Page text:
Endogenous Fusarium endophthalmitis in a patient with acute lymphocytic leukemia

Am J Ophthalmol. 1994 Mar 15;117(3):363-8. doi: 10.1016/s0002-9394(14)73147-2.


Endogenous fungal endophalmitis is an uncommon complication of systemic mycosis. Only a few cases involving Fusarium have been reported, most with unfavorable visual outcomes. We examined a 31-year-old woman with acute lymphocytic leukemia who developed sudden visual loss in her right eye. A dense, white placoid infiltrate was present in the right macula extending into the vitreous. An iris nodule and hypopyon were present in the left eye. A vitreous aspirate of the right eye was positive for Fusarium species. The patient progressively lost vision despite amphotericin B and 5-fluorocytosine therapy. She died from bronchopneumonia, fungemia, and multisystem failure. Histopathologic study disclosed a panophthalmitis with Fusarium organisms invading all the ocular coats in the right eye. Leukemic infiltrates were present in the left iris, anterior chamber, and trabecular meshwork. The ocular destructiveness of Fusarium may be caused by marked mycotic vascular invasion and occlusion with consequent infarction and necrosis of ocular tissues.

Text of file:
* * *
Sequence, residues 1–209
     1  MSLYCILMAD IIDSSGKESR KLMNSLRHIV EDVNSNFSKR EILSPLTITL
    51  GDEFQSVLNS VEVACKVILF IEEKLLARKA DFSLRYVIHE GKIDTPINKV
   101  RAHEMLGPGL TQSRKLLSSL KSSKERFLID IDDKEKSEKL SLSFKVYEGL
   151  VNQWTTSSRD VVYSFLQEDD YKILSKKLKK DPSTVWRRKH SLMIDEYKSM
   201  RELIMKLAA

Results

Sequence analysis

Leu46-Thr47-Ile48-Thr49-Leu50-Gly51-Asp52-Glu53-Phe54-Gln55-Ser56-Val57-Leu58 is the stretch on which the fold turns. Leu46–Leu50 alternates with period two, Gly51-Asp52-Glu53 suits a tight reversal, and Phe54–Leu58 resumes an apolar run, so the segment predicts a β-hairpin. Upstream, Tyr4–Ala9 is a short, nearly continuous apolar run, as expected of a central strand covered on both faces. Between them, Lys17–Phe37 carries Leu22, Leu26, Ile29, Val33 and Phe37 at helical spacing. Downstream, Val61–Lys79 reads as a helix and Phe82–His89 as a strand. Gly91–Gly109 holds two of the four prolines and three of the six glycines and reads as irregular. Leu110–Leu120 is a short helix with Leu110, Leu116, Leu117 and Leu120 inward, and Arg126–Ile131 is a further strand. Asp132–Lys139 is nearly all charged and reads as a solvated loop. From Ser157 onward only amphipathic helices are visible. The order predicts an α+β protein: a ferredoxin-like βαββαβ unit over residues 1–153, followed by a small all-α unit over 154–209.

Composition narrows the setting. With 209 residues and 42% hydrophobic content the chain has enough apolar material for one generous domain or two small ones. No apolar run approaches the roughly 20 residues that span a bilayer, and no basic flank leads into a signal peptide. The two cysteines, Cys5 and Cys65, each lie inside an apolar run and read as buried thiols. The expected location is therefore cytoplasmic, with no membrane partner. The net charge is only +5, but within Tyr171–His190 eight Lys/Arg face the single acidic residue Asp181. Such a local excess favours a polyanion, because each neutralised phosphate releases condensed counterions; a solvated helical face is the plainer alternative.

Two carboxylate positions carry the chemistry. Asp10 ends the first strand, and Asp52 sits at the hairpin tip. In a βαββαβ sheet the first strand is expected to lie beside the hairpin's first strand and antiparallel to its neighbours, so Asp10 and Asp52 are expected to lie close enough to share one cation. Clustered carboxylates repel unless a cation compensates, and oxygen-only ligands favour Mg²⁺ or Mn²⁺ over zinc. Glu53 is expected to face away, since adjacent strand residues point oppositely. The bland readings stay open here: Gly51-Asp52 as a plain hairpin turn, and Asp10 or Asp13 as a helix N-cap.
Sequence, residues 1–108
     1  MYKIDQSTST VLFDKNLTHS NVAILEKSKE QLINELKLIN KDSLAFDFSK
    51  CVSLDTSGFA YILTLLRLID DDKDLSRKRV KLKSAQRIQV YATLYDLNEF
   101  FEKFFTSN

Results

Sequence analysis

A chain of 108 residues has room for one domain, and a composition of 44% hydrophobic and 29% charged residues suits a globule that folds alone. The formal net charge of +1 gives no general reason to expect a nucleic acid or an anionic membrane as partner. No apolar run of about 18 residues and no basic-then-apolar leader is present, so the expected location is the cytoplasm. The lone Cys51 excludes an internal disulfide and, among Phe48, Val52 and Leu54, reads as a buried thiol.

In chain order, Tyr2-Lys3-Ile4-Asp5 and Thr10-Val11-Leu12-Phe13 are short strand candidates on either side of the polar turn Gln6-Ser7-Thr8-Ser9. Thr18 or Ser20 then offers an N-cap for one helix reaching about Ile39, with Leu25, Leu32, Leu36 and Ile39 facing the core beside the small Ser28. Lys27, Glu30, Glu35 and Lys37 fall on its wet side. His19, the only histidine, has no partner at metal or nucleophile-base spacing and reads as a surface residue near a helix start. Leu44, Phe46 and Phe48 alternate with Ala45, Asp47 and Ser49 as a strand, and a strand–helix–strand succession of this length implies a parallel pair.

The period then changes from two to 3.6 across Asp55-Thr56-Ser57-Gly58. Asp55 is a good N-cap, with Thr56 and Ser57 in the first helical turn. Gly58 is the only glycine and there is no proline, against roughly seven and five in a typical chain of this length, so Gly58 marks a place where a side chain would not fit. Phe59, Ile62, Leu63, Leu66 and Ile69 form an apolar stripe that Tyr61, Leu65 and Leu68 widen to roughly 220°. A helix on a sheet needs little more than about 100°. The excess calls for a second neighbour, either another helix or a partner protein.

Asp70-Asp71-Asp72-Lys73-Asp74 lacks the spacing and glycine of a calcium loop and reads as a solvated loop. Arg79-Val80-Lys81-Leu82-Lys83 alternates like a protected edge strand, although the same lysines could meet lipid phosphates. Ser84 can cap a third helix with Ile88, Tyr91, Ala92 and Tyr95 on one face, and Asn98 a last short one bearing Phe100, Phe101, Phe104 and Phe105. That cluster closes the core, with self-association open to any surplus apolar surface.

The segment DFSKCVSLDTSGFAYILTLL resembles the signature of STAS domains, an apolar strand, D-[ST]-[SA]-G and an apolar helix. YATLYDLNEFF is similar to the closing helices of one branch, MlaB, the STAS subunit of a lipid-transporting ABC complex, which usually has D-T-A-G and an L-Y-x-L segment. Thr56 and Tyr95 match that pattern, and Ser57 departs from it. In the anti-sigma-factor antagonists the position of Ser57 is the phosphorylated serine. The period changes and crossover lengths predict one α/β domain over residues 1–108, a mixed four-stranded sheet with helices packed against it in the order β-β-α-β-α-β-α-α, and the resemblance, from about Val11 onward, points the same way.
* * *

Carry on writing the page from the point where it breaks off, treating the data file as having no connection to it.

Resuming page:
Publication types

  • Case Reports

MeSH terms

  • Adult
  • Anti-Bacterial Agents / therapeutic use
  • Antineoplastic Agents / therapeutic use
  • Endophthalmitis / drug therapy
  • Endophthalmitis / microbiology*
  • Endophthalmitis / pathology
  • Eye Infections, Fungal / drug therapy
  • Eye Infections, Fungal / microbiology*
  • Eye Infections, Fungal / pathology
  • Female
  • Fusarium / isolation & purification*
  • Fusarium / ultrastructure
  • Humans
  • Precursor Cell Lymphoblastic Leukemia-Lymphoma / complications*
  • Precursor Cell Lymphoblastic Leukemia-Lymphoma / drug therapy
  • Vitreous Body / microbiology


  • Anti-Bacterial Agents
  • Antineoplastic Agents